An Evaluation of Direct Seeding for Reforestation of Degraded Lands in Central São Paulo State, Brazil
The Atlantic Forest of Brazil is simultaneously one of the planet’s most biodiverse as well as most threatened ecosystems. However, many of the efforts to restore the Atlantic Forest are out of reach for the smaller landowners due to high difficulty and/or costs. A research project was established in 1997 in the Environmental Protection Area at Botucatu in the São Paulo state of Brazil to evaluate different methods of forest restoration that can be easily be adopted by small or medium-sized landowners. These different management systems were evaluated for financial costs and benefits as well as productivity and ecological impact. This study focused on the direct seeding method.
research goals & methods
This study examines the financial costs, seed germination rates, survival, and tree growth of directly seeded trees in the 2 years after establishment. Patterns of natural regeneration within the plots were also measured and compared to unplanted control plots.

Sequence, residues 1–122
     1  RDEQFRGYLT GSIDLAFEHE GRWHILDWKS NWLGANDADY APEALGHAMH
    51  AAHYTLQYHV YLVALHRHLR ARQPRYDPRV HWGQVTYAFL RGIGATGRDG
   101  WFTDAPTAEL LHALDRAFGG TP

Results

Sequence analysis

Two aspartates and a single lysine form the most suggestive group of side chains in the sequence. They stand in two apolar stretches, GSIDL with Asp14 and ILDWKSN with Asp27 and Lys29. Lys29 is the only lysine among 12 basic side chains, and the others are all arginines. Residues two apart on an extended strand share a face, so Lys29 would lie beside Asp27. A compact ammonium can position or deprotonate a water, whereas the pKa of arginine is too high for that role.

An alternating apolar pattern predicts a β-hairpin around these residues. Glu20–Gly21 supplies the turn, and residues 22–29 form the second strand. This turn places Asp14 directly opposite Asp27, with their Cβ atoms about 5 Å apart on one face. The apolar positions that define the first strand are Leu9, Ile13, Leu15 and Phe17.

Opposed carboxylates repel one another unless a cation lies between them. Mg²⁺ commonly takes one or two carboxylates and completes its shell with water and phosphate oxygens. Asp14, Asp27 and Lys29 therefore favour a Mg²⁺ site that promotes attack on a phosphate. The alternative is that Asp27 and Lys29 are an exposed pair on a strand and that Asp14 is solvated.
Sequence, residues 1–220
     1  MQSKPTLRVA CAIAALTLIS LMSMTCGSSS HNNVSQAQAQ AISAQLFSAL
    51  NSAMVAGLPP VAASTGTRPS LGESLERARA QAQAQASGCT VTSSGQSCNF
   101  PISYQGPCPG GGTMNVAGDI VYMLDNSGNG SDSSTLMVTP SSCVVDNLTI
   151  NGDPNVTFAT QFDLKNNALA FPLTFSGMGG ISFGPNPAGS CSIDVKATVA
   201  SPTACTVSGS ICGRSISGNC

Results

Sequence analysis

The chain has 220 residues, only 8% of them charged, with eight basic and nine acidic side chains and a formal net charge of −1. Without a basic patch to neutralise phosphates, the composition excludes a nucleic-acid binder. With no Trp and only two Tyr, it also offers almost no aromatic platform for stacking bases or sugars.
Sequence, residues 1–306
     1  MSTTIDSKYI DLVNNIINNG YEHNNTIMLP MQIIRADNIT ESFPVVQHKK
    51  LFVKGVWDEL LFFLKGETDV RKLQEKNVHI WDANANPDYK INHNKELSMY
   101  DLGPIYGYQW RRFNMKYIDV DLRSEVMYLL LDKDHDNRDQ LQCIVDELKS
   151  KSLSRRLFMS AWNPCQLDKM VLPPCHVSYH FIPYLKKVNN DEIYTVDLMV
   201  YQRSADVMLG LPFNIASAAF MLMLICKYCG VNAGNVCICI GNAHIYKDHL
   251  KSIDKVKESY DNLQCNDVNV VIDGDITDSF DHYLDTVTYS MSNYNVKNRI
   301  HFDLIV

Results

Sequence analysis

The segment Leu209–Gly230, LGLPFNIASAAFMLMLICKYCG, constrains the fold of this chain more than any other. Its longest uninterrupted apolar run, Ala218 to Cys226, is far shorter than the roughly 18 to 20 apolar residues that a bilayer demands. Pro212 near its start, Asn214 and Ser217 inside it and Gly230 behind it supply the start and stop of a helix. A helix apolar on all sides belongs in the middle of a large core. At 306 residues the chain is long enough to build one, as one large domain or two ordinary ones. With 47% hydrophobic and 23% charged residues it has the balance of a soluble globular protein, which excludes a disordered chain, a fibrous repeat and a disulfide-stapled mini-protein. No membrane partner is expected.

conclusions & takeaways
The study found that Enterolobium contorstisiliquum and Schizolobium parahyba were the most successful of the five species planted, and concludes that with careful species selection, site preparation, and maintenance, direct seeding can be an effective method for reforestation on degraded sites. The study also found that natural regeneration was higher in direct-seeded plots than in unplanted plots.
An evaluation of direct seeding for reforestation of degraded lands in central São Paulo state, Brazil. Forest Ecology and Management. 2001;152:169–181. doi:10.1016/s0378-1127(00)00600-9..
- Natural Resources Department, Universidade Estadual Paulista, Botucatu, SP, Brazil
- International Institute of Tropical Forestry, USDA Forest Service, Río Piedras, PR, USA